This is found to be especially important when dealing with children with special needs. Specialised staff are often few and far between, finding themselves stretched even more thinly than other educators. Because of this, they need to be able to get assistance when needed without leaving the students unsupervised and without causing distressed pupils to become even more upset. In such situations, smart devices can be used to raise alarms on the critical alarm management system with the use of a simple app that only needs a few button pushes to send out a request for help.
For even more serious incidents (such as an aggressive intruder or a weapon being brandished) a panic button can be the most effective way of raising the alarm. Buttons can be installed in hidden locations (such as under desks or on computers) and can be activated with minimal movements from the staff member involved, meaning that the situation won’t be escalated by the attacker knowing that help is on the way. It also means that the attacker will not attempt to harm the teacher in an effort to stop them raising the alarm. For learning environments with a persistent level of risk to staff and students, wearable panic buttons can also be issued, enabling teachers to always have the option to summon colleagues to their location.
Another advantage of using a modern communication system in a school security setting is that all actions and communications pertaining to a given alarm are logged in one place. This makes it much easier for senior members of staff to later go back and review the actions taken by school employees as they tackled the situation. From this, lessons can be learnt about how to improve existing procedures and further training can take this data into account. Additionally, this information can be used to break down the events that precipitate violent incidents in a school, letting staff intervene and prevent them at their source long before conflicts escalate to a physical level.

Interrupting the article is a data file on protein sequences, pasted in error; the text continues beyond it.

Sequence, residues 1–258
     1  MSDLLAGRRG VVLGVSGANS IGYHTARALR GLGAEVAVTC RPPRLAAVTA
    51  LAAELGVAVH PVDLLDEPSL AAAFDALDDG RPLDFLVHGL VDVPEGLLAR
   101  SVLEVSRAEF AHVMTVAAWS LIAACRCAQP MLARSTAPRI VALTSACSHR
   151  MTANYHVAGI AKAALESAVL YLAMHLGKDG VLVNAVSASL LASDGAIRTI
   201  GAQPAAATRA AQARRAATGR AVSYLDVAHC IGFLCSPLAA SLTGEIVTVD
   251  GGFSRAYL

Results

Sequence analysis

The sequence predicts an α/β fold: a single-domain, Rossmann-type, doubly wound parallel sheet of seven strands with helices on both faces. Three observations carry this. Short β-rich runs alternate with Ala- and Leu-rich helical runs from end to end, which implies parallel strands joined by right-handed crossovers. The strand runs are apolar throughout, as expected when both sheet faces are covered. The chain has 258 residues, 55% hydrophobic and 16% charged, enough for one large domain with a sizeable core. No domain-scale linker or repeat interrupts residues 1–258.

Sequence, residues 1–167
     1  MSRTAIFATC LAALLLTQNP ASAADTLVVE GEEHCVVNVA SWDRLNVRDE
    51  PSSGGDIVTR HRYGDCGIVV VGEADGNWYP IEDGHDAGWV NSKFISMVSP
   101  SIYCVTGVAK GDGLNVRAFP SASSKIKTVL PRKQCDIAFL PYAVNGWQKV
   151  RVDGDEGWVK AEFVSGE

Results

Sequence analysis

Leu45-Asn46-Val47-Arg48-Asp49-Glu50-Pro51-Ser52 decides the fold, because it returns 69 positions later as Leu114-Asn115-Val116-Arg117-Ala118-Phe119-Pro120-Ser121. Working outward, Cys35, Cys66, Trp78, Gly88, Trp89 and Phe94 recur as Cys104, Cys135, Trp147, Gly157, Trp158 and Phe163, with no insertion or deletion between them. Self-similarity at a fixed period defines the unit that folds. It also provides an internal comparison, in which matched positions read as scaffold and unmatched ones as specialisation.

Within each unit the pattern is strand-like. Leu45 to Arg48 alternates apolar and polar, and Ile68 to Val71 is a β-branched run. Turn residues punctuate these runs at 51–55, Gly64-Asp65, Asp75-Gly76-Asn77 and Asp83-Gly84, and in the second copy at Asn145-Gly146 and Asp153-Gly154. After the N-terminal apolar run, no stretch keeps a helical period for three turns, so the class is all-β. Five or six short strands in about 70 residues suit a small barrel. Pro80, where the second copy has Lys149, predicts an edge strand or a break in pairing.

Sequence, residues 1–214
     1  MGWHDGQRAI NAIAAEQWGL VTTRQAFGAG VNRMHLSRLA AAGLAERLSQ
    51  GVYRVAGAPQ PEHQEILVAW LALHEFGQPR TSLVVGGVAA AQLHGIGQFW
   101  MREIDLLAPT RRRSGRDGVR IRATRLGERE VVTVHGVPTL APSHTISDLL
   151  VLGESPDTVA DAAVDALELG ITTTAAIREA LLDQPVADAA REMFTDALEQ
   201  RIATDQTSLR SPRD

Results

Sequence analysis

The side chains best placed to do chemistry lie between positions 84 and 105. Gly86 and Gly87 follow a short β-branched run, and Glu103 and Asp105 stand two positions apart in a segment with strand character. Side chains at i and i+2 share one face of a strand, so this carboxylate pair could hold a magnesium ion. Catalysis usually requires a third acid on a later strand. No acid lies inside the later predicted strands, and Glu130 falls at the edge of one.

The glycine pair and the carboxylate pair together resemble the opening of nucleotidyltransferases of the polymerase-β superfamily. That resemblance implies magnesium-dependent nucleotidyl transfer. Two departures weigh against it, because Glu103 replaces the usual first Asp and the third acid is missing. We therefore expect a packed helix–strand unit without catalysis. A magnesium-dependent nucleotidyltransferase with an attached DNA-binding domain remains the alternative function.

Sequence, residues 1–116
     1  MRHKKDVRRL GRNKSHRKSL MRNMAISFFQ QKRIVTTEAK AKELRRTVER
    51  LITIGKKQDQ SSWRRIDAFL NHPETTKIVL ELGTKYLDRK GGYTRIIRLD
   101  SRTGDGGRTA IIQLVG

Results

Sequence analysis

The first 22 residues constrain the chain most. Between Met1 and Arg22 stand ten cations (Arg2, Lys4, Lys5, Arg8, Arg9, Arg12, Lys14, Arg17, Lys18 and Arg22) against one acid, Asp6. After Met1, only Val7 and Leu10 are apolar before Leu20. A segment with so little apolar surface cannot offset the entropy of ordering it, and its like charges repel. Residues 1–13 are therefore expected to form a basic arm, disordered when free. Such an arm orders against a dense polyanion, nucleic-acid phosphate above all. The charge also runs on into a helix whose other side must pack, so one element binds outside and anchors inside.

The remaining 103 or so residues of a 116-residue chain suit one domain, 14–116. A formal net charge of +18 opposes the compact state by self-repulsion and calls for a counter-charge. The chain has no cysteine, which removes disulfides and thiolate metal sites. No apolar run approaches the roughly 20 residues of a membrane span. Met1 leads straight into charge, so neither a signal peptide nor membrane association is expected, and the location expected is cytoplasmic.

ANT manufactures a wide range of specialised safety devices and the critical alarm management systems needed to use them at their full potential. A major bonus is that these all of these systems are a direct upgrade to existing network and communication technology already in use in most schools, making them extremely unobtrusive and cost effective to install. It also means that staff will require minimal training in order to get to grips with the new software and devices, being free to continue their daily tasks as normal until the time comes to raise an alarm. By upgrading to a modern alarm system, schools can safeguard their teachers and students, improving efficiency in the process. In this manner, educators can have the confidence to teach their students to the best of their ability, knowing that help is only a push of a button away.